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WhatsApp security hole makes private chats readable by third parties — but you can protect yourself

WhatsApp security hole makes private chats readable by third parties — but you can protect yourself

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WhatsApp conversations can be read by third parties. There are some steps you can take to reduce the risk. We’ll show you how it works.

Munich – Correspondence Service WhatsApp Millions of people around the world use it to exchange text or voice messages, photos and videos. Recently, it was announced that several new features are planned for WhatsApp, and the classic function is also being changed. But using “WhatsApp Web” – that is, transferring chats to a laptop or PC – can bring risks.

These risks are not only due to WhatsApp fraud, which may lead to some phone numbers not being accepted. Your privacy may also be at risk: careless use may allow third parties to read your conversations. Here you will find information on how to protect yourself.

WhatsApp vulnerability: Third parties gain insights into private chats

WhatsApp users should be happy with this feature. Because it makes chatting easier. The QR code, which can also be shared in chats, replaces the previous backup of data on Google Drive and allows you to quickly switch between devices — and easily use the messaging service from your computer. This is especially useful for users who prefer typing on a computer keyboard. But this convenience comes with a security vulnerability. If you’re not careful, you could allow third parties to read your chats.

To use WhatsApp Web, the smartphone must be connected to the computer. To do this, the QR code of the web app is scanned on the web.whatsapp.com website using the smartphone – and the devices are then paired. Users can access the menu via the messaging service app on their smartphone – simply select WhatsApp Web, tap the plus icon to activate the camera and scan the displayed QR code. All chats are then displayed on the computer screen.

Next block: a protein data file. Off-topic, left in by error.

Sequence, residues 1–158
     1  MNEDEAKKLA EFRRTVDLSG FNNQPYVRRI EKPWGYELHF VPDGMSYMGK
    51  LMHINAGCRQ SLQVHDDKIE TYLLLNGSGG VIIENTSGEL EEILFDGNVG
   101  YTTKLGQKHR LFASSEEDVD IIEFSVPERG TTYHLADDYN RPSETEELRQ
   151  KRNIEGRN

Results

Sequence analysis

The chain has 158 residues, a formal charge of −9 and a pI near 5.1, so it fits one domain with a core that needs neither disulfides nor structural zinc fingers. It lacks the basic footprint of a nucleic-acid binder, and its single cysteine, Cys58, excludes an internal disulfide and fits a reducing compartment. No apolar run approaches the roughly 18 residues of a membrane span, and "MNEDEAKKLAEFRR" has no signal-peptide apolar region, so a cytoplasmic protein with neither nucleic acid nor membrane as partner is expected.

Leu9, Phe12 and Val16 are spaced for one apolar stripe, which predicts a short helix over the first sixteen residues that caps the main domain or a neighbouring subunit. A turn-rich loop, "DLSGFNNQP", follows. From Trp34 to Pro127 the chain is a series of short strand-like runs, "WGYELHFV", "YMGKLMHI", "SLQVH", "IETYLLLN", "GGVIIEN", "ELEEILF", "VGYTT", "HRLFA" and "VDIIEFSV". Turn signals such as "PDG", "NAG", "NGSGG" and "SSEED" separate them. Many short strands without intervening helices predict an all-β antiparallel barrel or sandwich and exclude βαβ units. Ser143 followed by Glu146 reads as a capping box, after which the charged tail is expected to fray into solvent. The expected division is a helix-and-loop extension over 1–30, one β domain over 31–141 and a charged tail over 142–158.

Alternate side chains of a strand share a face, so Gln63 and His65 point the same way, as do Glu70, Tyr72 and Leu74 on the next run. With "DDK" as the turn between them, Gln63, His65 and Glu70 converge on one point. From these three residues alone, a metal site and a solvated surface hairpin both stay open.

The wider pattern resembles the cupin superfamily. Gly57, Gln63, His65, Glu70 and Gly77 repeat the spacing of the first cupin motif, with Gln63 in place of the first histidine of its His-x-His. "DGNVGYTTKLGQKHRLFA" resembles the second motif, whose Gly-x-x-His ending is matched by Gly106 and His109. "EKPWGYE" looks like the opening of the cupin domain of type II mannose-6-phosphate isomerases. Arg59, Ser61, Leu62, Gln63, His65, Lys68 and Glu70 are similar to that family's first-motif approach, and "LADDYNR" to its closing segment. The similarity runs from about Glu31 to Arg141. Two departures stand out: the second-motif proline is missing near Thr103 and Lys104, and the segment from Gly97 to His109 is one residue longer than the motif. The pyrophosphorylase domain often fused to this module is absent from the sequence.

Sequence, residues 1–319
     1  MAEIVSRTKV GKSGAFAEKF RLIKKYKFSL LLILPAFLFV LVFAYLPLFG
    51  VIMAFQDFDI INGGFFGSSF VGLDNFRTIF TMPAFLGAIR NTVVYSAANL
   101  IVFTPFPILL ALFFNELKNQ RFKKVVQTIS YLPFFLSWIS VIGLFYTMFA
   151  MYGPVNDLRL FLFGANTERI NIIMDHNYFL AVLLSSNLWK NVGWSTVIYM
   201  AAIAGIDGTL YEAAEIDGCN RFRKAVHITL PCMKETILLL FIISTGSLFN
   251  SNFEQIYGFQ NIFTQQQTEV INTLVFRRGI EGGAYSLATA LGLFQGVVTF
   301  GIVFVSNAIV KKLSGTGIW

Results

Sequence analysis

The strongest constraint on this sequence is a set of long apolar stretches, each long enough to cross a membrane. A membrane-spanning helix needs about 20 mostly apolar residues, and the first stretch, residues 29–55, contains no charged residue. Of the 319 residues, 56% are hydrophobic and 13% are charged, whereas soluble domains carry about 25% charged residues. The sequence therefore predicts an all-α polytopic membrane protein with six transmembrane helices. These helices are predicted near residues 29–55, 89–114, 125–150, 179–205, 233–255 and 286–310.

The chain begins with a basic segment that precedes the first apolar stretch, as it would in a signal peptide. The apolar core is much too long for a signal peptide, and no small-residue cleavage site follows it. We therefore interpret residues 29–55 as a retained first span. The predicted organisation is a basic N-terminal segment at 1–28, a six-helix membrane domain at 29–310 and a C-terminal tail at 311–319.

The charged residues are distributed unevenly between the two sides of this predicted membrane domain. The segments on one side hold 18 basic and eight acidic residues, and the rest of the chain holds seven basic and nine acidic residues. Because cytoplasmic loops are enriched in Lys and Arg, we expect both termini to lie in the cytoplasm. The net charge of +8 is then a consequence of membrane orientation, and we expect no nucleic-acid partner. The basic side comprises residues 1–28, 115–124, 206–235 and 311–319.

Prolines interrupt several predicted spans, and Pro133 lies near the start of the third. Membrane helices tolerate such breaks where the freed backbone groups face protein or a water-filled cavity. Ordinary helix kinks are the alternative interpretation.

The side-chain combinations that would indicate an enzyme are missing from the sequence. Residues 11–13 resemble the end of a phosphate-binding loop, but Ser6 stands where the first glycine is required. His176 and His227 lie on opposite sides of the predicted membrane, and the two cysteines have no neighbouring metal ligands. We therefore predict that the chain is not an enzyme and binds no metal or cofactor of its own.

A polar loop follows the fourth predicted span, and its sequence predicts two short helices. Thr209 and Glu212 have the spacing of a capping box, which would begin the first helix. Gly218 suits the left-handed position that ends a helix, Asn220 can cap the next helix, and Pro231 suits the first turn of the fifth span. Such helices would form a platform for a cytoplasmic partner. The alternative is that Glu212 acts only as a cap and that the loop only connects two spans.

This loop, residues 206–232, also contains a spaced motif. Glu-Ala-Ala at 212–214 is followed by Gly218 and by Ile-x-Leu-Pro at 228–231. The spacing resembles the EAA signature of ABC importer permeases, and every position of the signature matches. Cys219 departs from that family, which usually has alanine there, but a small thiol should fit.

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Third parties can read your WhatsApp Web chats. To do this, simply scan the web app's QR code with your smartphone and the devices will then be paired. © WhatsApp.com/Screenshot

Do you leave your smartphone unattended? Third parties can now read your WhatsApp conversations

But there’s a big problem with this type of use: anyone who gets their hands on your smartphone, even for a short time, has the opportunity to access your chats via WhatsApp Web. Leaving your smartphone unattended for a few moments may be enough. Anyone who scans the QR code will have instant access to your messages. However, there are ways to protect yourself from this unwanted access.

By the way, you can easily find out if you have already become a “victim” of third-party access to your conversations. You can see the web applications that are paired with your smartphone in the “WhatsApp Web” menu item in WhatsApp settings. There you can quickly remove any web applications that you did not enter yourself.

You can see the chat history on WhatsApp messenger.
WhatsApp users should be wary of security vulnerabilities. © Karl-Josef Hildenbrand/dpa

WhatsApp Web: How to Protect Yourself from Potential Security Risks

Users can protect themselves from potential security risks with some simple measures:

  • Keep an eye on your smartphone: Never leave your cell phone unattended, especially in public or shared places.
  • Password protection: Enable password protection on your smartphone. This will prevent strangers from unlocking your phone and scanning the QR code.
  • Sign out via browser version: Open the menu in the WhatsApp browser version at the top of the chat list (three dots at the top right) and select the “Log out” option.
  • Always log out: Log out of WhatsApp Web after each use. To do this, go to “Settings” in the app and select “WhatsApp Web”. There you can see which devices you’re logged in on and log out if necessary.
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Meanwhile, WhatsApp recently gave its users a 30-day grace period, after which important chats and data will be deleted. (x)